Spontaneous celebrations of Joe Biden's victory broke out across the country.
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We got off lucky. Four more years of Trump might have killed the Great American Experiment.
It has taken me a few days to sort through the feelings I've had since Joe Biden won the 2020 presidential election. There was relief, of course. But more. When I read that Biden had finally been projected as the winner, four days after the election, it felt as if a huge weight I didn't know I was carrying had been lifted off my shoulders. That's apparently how worried I was about the future of this country.
I do not state this lightly: No president in my lifetime, not even Richard Nixon, has done more to damage the basic foundations of this nation than Donald Trump. For point of reference, Franklin Delano Roosevelt was president when I was born.
Trump has not done it alone, of course. He has had the willing, cowering support of most of the Republican Party, top to bottom, in his assault on decency, democracy, and the rule of law. He has had the fawning, self-serving support of white Evangelical grifters, who convinced their followers to pray for Trump and donate to their always-needy churches, to forget the hypocrisy and immorality of it all. He has had the angry, armed support of rejuvenated, suddenly hopeful, groups of white supremacists. The KKK credo ("America First") and Nazi flags had a rebirth, thanks to Trump. And he had the unwavering support of millions of seemingly ordinary Americans who I'm sure would deny vigorously that they had any racist, bigoted, misogynistic bones in their body or that they were too lazy or too embarrassed to find out if those conspiracy theories, like much of what Trump said, were lies that fed their pre-conditioned biases.
Harsh? I think not. Just look around. It's still going on. But the thing is, this time the rest of America isn't buying it. The rest of America voted overwhelmingly for a return to sanity, competence, compassion, truthfulness, and respect for the law in the Oval Office. And state election officials have performed their duties in a professional manner, making Trump's claims of fraud sound ridiculous and desperate. To be sure, many of his followers still claim "it's not over," but thousands of Americans danced in the streets when Trump lost, because they knew they were free of the menace of the man who broke bread with dictators, insulted allies and called American veterans "losers."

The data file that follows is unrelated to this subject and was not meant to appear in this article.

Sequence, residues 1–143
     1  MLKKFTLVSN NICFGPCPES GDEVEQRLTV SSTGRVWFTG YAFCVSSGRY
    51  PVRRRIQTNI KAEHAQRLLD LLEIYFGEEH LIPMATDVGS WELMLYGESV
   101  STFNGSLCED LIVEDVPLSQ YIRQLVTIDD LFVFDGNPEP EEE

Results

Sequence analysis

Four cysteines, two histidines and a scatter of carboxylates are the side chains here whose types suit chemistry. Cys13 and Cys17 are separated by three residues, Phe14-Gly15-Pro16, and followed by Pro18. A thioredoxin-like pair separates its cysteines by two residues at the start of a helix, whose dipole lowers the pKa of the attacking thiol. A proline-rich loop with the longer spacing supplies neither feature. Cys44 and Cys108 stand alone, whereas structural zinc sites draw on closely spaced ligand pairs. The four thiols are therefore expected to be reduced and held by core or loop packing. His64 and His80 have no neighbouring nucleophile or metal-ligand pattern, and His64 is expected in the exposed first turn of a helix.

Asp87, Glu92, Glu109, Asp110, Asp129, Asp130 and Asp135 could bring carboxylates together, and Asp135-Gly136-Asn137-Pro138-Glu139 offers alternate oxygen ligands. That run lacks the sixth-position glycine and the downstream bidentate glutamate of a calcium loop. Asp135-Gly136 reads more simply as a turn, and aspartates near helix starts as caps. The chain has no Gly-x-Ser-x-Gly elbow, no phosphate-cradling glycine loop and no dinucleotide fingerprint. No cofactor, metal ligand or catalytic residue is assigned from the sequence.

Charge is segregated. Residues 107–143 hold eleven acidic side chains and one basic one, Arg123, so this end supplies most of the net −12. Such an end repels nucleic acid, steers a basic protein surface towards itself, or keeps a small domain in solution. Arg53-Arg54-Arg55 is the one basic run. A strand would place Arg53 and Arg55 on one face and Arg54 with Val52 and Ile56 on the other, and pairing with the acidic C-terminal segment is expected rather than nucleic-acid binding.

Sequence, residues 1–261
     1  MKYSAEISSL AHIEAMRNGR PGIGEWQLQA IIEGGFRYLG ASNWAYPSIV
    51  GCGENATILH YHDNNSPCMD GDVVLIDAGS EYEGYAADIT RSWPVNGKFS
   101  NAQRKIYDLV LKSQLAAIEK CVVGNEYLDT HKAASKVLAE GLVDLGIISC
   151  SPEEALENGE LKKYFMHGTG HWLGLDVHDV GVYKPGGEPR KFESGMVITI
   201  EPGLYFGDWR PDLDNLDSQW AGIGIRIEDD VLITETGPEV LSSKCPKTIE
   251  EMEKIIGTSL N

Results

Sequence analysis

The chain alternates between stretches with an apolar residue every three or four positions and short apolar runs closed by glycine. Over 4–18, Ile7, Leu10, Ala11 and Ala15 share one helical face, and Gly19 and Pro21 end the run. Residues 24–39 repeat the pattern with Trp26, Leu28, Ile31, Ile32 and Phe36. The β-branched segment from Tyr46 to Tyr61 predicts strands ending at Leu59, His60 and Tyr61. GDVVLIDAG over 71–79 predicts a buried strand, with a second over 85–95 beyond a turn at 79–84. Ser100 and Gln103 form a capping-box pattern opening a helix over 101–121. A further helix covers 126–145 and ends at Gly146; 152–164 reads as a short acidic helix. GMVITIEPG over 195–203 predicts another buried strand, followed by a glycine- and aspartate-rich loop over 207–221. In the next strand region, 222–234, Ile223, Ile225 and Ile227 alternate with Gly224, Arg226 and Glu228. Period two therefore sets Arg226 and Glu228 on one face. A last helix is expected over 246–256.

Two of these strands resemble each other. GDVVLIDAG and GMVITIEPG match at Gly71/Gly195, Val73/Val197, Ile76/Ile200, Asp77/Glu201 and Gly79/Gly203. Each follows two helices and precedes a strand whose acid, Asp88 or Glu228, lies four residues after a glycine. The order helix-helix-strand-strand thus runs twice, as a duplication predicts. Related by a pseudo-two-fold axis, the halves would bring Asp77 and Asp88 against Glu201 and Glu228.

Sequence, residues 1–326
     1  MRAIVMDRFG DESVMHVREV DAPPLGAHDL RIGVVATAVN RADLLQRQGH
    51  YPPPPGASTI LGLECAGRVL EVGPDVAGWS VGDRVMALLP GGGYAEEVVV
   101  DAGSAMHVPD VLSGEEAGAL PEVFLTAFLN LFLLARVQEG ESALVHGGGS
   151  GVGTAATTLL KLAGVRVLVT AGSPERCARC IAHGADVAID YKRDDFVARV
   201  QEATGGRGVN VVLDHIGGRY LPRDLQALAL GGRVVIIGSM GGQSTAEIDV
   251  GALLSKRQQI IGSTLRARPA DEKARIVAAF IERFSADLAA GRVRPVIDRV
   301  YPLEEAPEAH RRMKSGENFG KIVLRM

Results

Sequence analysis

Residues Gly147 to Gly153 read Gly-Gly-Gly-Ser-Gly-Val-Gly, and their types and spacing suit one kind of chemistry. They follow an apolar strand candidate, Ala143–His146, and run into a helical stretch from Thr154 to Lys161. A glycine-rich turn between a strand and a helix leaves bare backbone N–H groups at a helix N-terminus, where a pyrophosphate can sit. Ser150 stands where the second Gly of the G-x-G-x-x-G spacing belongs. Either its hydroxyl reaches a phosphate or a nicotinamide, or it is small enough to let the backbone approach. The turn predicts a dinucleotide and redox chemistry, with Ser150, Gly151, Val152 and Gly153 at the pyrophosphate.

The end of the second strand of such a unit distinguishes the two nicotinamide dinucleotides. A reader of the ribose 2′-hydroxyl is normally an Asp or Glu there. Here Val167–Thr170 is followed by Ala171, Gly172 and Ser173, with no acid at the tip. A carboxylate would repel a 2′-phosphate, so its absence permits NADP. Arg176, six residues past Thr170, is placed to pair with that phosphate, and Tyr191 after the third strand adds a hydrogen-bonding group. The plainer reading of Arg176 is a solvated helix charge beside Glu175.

We got off lucky. Yes, we endured four years of arrogance and paralyzing incompetence in the White House, culminating with Trump's criminally negligent response to the COVID-19 virus, but we also learned some valuable lessons:
- Racism is not only alive, but widespread in America. It came out of hiding in full force with the permission and encouragement of Trump. Its presence was announced daily on social media, in police actions and in people's routine daily activities. The videos are there as evidence. Racism is a tear in the fabric of our society that Trump has widened. To continue to blindly support him is to endorse racism. Period. There is no "nice" way to ignore this. But now we at least know that there is much work to be done. Kamala Harris as vice president is an excellent start.